Open Accessibility Menu
Hide

COVID-19 (Coronavirus) Update Learn More

Reduce. Reuse. Recycle. Sustainability Idea Connects Hospital Staff, Students and Those In Need

Published in Media Releases Author: CentraCare

A surgical technician in California had an idea to repurpose sterilization materials. Instead of being discarded, the soft, durable and waterproof sheets could be sewn together to make sleeping mats for homeless individuals and animal shelters. She brought her idea to life. And then, she shared it on the internet for others to consider.

Surgical staff members of St. Cloud Hospital took notice and brought the idea forward as another way that CentraCare could benefit others and reduce waste. Having this project include a Future Farmers of America (FFA) teacher and her students at Paynesville Middle School was a community-connecting bonus.

Every day, hundreds of surgical instruments are sterilized in high temperatures using sheets of material that are either 48x48 or 54x54 inches. These sheets cannot be recycled for this same purpose due to infection control, so they had to be placed in the trash. St. Cloud Hospital Perioperative Educator Supervisor Jodi Specht-Holbrook brought the repurposing idea to her employees. After that, several surgical employees, friends and family of employees, volunteered to sew the sheets into mats. St. Cloud Hospital Surgical Technologist Tiffany Fradette knew that her sister-in-law, Natalie, might be interested in turning learning into a community service project.

Paynesville Middle School Students Assist to Create Mats for the Homeless
group photo at the 2019 CentraCare Paynesville Foundation golf scramble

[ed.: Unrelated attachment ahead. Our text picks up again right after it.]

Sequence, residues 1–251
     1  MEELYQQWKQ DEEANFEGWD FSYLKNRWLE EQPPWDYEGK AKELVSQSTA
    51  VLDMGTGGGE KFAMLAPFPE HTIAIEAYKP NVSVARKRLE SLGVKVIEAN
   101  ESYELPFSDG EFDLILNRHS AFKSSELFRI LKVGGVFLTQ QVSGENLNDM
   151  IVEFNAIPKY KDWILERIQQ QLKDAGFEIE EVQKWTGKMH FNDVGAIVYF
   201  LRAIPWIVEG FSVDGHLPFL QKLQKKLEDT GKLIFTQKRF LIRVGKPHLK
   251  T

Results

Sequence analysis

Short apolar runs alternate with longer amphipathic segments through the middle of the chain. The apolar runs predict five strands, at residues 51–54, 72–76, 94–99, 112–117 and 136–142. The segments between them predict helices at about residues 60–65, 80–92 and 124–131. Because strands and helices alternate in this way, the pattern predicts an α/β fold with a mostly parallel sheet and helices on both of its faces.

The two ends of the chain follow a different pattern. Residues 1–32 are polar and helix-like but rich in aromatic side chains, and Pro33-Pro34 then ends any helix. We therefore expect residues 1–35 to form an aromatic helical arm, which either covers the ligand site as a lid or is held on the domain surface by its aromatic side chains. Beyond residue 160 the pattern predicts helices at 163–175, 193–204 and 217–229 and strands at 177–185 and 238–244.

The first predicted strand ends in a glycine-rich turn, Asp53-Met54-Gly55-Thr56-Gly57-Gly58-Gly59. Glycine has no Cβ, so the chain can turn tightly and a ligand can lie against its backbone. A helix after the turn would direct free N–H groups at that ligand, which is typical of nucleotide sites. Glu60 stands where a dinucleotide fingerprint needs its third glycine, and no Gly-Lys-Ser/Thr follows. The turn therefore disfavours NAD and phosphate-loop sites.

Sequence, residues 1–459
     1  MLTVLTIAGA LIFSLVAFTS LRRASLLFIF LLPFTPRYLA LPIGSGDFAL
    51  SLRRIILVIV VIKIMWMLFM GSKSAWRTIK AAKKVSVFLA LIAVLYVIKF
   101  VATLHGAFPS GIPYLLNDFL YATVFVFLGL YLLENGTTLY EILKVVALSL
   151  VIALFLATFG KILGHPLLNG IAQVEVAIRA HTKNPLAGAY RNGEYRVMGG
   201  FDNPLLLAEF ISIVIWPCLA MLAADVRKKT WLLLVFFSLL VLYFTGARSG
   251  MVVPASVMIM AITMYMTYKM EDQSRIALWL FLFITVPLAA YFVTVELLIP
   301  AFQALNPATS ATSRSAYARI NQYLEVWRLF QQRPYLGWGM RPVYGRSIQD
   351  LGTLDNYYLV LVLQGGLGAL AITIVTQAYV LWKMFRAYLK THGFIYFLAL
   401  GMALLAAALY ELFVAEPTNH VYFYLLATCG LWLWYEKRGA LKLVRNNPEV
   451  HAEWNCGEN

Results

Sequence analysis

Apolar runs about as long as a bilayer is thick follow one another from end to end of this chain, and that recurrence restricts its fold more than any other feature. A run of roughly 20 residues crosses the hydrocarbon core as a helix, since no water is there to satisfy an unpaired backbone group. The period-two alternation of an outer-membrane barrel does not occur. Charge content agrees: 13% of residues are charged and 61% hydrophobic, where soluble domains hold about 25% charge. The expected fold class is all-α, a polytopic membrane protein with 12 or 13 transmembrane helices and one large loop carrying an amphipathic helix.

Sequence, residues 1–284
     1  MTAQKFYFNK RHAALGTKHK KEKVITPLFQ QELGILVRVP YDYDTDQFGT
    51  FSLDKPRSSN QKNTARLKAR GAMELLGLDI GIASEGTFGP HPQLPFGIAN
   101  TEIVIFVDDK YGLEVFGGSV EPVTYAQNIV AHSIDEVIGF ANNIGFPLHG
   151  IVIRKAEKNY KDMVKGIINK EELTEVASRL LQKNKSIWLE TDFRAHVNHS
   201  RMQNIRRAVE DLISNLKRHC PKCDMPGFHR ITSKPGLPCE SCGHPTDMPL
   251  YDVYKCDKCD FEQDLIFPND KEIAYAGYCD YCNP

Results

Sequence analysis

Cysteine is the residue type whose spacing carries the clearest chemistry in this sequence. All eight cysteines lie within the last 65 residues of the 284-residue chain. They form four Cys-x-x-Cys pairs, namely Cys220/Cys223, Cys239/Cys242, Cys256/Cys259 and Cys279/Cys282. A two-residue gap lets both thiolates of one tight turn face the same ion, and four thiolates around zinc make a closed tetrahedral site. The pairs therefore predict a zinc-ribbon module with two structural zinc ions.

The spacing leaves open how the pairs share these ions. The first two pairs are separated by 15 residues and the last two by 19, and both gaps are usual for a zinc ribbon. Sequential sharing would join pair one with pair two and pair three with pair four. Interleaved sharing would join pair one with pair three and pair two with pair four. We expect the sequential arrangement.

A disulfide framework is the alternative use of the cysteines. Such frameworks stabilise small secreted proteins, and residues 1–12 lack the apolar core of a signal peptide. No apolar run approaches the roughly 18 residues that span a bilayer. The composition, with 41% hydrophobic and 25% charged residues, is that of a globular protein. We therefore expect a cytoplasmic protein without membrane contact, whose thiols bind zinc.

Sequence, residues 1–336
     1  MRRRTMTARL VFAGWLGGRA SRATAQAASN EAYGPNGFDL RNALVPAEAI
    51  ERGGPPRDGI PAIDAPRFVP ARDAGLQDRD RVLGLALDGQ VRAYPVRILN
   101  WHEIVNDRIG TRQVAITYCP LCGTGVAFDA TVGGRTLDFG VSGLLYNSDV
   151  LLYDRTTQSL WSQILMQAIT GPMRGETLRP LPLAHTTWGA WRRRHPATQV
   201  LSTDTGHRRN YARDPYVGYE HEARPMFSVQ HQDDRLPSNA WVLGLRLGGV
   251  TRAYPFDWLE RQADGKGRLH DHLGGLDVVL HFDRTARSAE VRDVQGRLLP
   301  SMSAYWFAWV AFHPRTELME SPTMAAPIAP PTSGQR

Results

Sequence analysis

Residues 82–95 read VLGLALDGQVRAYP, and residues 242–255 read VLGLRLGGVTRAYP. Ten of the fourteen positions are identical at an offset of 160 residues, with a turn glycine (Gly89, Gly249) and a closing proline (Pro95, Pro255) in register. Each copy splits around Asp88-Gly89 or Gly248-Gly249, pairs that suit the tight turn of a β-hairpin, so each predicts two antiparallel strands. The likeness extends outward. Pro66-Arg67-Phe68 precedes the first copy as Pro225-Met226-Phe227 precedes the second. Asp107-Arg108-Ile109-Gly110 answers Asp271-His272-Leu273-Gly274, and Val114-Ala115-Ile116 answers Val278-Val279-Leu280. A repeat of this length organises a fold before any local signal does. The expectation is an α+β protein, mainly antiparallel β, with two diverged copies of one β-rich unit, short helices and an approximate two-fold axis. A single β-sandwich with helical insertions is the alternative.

View Photo Gallery

“I teach a class called 'Food, Fun, and Friends in Agriculture' to 27 students,” said Natalie Utsch, Agriculture Teacher and FFA Advisor at¬†Paynesville Middle/High School. “My license for agricultural education covers a wide range of areas including leadership, food science, animal science — a diversity of life skills. After I was approached about the project, I implored the help of a retired Family and Consumer Science teacher, Jeanne Virant, to get the sewing machines ready and help teach the kids to sew. The kids not only gained some basic sewing skills, they were so happy to be a part of helping someone who had a basic life need — like a bed or blanket.”

The first 19 mats that the students stitched were delivered to Place of Hope in St. Cloud. Fifty mats total have been delivered to Pathway for Youth and Place of Hope. Current homelessness estimates in Central Minnesota are nearly 1,100. The surgical material is not only waterproof, but it retains heat, which makes it an ideal fabric for this purpose. St. Cloud Police Department, Stearns County Homeless Social Workers, Salvation Army and local churches also are interested in having the mats for their emergency community needs.

What do you get when you take:

  • Material that used to end up in the trash
  • Some forward-thinking health care employees
  • A teacher trying to teach students leadership and life skills?

You get a lot of warm, happy hearts.